Montjuïc Cemetery – exploring 150 years of beautiful art history

Lessons can be learnt from visiting a graveyard. More than just a place to mourn the dead, graveyards help tell the history of a city. Given the political turmoil that Catalonia and Spain currently find themselves in, it might be wise to heed these lessons, because among the one million dead that lay rest here, are an estimated 4,000 people that were executed by the Franco regime following the fall of Barcelona during the Spanish Civil War.

Without getting too political, it might be prudent of Rajoy and Puigdemont to take a stroll through this particular cemetery.


Located to the south of the city and overlooking the port of Barcelona, Montjuïc cemetery sits atop of the hillside and covers and incredible 56 zig-zagging hectares.

Created in response to the need for new burial grounds at the end of the 19th century, the then little-used Montjuïc was selected as an extension to the city’s existing cemeteries. Established on 17th March 1883 by the mayor of the Barcelona, the first burial took place just two days later, and the cemetery has been accepting of the dead, and the living, ever since.



A tourist location to visitors of the city, the cemetery offers, among other things, free guided tours on the first Sunday of every month; artistic and historic routes to follow; a library; and a museum of hearses – purported to be the only one in Europe. It’s also home to some of the most prominent figures to be associated with Catalan culture since the 19th century. These people include famed Catalan artist Joan Miró; former president of Catalonia and another victim of General Franco’s men, Lluís Companys; and founder of Barcelona football club, Joan Gamper.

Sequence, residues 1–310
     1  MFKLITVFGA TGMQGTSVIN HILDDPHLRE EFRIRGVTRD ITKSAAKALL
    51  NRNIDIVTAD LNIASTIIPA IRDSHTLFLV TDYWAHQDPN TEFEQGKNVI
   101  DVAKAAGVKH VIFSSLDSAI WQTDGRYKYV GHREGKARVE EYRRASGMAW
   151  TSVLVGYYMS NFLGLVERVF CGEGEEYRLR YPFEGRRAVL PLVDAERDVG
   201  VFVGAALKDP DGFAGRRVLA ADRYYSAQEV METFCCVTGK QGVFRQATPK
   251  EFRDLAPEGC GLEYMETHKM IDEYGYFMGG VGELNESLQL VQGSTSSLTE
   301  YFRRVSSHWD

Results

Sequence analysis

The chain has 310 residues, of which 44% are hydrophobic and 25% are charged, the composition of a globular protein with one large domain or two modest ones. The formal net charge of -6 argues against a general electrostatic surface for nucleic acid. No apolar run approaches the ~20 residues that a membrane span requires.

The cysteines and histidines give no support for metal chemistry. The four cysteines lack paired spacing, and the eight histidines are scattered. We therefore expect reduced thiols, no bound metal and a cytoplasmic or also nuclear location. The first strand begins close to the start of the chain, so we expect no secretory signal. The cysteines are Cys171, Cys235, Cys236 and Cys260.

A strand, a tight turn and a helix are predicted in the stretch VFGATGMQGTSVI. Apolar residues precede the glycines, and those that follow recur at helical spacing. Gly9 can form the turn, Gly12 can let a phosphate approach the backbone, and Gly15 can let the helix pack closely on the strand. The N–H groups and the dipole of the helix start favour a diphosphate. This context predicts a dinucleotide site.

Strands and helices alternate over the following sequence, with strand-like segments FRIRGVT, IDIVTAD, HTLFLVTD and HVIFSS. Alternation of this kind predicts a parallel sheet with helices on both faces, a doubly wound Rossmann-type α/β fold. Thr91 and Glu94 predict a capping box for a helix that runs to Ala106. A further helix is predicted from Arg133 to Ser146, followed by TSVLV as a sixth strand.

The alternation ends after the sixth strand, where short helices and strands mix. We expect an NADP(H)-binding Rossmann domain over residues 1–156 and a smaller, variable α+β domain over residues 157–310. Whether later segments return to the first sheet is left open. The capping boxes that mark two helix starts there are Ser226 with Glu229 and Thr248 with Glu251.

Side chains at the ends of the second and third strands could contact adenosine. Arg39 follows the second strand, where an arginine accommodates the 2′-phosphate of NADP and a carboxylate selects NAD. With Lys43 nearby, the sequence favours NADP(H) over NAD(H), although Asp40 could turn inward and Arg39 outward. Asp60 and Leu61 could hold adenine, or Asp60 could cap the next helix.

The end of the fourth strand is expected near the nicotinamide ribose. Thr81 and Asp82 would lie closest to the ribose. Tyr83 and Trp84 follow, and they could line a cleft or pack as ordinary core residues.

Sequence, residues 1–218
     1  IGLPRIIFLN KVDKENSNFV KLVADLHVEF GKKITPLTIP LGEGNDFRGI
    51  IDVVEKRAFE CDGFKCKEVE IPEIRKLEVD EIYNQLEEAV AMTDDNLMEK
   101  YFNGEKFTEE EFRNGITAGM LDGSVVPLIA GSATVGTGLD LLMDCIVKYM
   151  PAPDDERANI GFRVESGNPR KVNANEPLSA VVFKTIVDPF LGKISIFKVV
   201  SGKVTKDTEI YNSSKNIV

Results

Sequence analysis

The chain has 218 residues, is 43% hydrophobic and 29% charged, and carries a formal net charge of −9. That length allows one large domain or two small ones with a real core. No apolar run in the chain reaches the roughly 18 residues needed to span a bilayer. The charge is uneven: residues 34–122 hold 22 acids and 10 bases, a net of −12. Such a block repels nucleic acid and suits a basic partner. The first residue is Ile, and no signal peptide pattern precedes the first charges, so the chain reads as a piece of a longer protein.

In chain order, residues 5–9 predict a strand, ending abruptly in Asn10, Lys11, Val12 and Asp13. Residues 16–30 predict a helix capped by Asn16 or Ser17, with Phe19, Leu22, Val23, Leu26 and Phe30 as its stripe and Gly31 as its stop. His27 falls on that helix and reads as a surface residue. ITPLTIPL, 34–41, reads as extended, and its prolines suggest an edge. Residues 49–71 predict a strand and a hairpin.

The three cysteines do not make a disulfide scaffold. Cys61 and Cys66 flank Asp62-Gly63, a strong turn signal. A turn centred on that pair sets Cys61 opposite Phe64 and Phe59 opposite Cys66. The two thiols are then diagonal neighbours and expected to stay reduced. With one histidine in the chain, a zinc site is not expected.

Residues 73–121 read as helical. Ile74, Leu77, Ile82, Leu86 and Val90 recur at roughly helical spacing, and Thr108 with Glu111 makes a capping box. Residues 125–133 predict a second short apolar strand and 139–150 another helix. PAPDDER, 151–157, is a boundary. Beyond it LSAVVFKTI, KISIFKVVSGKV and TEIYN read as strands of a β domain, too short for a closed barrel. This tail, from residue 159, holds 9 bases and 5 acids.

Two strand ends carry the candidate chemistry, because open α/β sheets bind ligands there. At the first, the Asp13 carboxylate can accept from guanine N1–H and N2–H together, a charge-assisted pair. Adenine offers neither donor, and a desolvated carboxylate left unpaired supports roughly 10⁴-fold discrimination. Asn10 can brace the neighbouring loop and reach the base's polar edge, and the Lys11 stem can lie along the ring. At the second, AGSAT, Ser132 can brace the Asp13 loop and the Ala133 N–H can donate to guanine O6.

Renown for its incredible architecture, church-sized mausoleums and fabulous statues, most of which are in the neo-Gothic style, the grandeur of these graves surely depended on how much family members were willing to invest in their final resting places. Interned in these huge mausoleums are the highest members of society, such as the Batlló family, who once commissioned Antoni Gaudi to create the magnificent Casa Batlló on Passeig de Gràcia, among various other projects for them.


These sprawling crypts give a fascinating insight into the family’s relationship with death, even telling a visual story of sorts when examined in detail. An architectural wonderment, it’s a pleasure to navigate the many statues, mausoleums and graves that have been erected in memory of loved ones and to take a walk through Barcelona’s past.


Oh, and there’s some seriously creepy graves here, too…



Opening hours:

Daily from 8am until 6pm

Entry fee:


Montjuïc Cemetery address:

Carrer de la Mare de Déu de Port, 56 – 58, 08038 Barcelona


Metro L3 to Plaça Espanya, then walk to Paral-lel (5 minutes from the end of Las Ramblas) bus stop. Get the 21 bus (heading south).

Buses 23, 37, 107, 109 and 193 head there, too.

Attractions near to Montjuïc Cemetery:

  • Catalonian National Art Museum (MNAC)
  • Miro Foundation art gallery
  • Caixa Forum art gallery
  • Montjuïc castle




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